Out of the Desert, Into the Hills
... to the gaudy little town of Mount Abu
Mount Abu was described by someone in the 1930s as "a sort of Shimla of Rajputana", a small colonial hill station set, surprisingly, in the deserts of Rajasthan.
It has a history that goes back, layer by layer, into the deepest antiquity. Once the tranquil hilltop retreat of meditating rishis, it was considered to be a holy spot, inhabited by no less than 330 million different gods and goddesses. Then in the early 1800s it was developed into a hill station where British officials from the hot, dusty plains of Rajasthan could seek refuge during the summer months, among the eucalyptus forests and oleanders.
Charming English country cottages were built around the Nakki Lake, and as time passed it became a British enclave - the official summer capital, where the Chief Commissioner for Rajputana would move with his entourage for two months each year, from his administrative capital in Ajmer. As a result, most of the Rajput maharajas followed suit, building palaces for themselves here, and each summer Mount Abu saw a giddy social whirl, with cricket, golf and dancing at the Rajputana Club -- and much political intrigue at the British Residency. This was where the maharajas did all their secret wheeling and dealing with the Chief Commissioner - as it was much more discreet here than to visit him publicly at his administrative capital in Ajmer.
Today, while the surrounding hills, with their waterfalls and bamboo and eucalyptus groves are still extremely charming, Mount Abu itself has become an overcrowded and gaudy little town. If you can imagine an Indian version of Las Vegas and Disney World rolled into one, this would probably be it. Its bazaars perhaps are fascinating as a kind of "living museum of contemporary Indian kitsch".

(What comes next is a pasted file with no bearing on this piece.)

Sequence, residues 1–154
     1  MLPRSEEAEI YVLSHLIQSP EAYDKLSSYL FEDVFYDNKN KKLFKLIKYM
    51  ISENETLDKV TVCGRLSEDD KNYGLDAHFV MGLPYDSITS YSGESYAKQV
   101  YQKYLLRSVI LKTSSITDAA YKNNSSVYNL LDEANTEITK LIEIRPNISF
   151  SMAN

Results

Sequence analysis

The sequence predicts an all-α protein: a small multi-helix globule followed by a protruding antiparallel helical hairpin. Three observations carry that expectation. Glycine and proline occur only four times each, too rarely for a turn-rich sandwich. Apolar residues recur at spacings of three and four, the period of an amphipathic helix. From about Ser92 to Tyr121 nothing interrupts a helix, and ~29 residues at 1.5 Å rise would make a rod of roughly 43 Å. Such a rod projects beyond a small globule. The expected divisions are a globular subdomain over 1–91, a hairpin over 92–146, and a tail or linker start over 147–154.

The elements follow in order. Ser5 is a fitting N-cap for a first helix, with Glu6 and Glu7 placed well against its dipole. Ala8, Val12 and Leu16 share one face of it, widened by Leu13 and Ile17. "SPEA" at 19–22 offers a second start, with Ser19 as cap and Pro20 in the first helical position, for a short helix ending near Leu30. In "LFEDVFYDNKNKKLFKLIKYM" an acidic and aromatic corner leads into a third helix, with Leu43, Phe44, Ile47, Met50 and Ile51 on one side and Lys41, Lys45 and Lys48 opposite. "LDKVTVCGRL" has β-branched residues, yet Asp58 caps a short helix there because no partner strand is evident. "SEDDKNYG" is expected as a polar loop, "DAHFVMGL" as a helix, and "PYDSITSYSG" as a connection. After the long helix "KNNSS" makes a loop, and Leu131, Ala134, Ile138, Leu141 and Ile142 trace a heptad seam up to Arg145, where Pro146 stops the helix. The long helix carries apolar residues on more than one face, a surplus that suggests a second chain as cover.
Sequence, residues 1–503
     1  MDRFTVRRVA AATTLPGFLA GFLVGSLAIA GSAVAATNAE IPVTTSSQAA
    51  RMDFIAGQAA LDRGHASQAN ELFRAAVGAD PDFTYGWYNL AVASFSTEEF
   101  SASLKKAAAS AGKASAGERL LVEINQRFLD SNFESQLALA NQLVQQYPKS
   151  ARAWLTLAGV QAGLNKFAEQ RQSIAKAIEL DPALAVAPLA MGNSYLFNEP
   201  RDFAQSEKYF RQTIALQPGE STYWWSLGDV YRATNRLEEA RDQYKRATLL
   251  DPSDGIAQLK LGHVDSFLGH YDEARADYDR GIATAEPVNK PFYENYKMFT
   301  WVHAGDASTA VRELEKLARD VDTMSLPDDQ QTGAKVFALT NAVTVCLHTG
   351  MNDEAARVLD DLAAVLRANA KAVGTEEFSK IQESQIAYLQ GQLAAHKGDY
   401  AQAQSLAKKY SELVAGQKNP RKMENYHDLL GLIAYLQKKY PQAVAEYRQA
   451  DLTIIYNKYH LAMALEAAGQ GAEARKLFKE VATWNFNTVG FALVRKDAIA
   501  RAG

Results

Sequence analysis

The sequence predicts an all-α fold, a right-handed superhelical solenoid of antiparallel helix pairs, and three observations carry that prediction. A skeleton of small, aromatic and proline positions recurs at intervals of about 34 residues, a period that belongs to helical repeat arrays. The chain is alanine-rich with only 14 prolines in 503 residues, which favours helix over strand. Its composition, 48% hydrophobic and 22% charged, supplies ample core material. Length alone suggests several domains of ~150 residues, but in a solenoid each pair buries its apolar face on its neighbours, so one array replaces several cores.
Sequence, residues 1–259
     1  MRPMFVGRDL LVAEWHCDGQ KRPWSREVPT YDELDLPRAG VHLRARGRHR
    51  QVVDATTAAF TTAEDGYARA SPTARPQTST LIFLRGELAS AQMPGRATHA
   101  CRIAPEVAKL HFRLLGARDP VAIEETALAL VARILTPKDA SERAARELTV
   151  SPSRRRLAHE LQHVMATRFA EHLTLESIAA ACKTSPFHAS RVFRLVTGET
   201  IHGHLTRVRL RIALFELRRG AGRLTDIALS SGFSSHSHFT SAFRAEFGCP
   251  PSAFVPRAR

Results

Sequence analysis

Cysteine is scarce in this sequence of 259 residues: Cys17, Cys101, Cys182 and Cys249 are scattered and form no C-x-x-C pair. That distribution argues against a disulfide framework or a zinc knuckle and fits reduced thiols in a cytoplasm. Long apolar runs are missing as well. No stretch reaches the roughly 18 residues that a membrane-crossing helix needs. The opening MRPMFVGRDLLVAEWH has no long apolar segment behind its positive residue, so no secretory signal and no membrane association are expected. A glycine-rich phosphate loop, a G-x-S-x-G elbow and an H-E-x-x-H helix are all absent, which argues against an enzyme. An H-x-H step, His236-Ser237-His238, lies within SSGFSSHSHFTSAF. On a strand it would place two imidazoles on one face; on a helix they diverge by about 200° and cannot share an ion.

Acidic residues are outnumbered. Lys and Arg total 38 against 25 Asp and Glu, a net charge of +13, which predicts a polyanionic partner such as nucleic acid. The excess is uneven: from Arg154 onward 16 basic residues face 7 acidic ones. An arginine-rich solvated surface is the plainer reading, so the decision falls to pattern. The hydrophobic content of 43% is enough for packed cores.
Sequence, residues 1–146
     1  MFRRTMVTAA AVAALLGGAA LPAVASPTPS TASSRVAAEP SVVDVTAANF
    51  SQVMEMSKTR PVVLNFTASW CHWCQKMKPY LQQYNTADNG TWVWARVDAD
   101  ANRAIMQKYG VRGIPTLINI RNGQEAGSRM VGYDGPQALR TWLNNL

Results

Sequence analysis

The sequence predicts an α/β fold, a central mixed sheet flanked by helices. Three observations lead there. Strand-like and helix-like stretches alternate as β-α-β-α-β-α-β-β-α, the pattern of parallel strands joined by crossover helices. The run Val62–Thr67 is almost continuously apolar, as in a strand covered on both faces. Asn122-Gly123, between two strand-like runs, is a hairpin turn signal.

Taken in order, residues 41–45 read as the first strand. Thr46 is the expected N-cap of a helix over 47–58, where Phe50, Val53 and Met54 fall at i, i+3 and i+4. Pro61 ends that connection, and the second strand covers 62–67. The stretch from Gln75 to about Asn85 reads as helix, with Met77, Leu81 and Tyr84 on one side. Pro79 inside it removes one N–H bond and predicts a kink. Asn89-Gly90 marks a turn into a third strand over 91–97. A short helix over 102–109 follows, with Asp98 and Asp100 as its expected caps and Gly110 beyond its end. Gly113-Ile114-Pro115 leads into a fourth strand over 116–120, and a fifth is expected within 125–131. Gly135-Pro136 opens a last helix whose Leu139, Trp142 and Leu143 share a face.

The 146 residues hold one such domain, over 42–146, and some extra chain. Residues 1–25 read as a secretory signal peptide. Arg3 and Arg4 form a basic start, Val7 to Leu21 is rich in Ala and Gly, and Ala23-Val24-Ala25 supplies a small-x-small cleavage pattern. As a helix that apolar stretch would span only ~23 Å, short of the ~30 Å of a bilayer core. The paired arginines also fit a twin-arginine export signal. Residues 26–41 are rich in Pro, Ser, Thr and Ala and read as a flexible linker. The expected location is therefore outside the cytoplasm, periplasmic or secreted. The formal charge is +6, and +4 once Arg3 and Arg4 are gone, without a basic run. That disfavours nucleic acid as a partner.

The temples of Dilwara, of course, simply have to be seen, but, in addition, some of the old palaces at Mount Abu make interesting viewing, like the Bikaner Palace - where the redoubtable Maharaja Ganga Singh of Bikaner used to come each year, with a retinue of 400 people. And the Gothic towered palace of the bizarre and eccentric Maharaja Jai Singh of Alwar. On one occasion, the story goes, when a fellow maharaja was hosting a dinner to which he had pointedly not been invited, Jai Singh bought up all the food supplies for miles around, forcing the dinner to be cancelled. He then added insult to injury by inviting everybody here to his palace instead !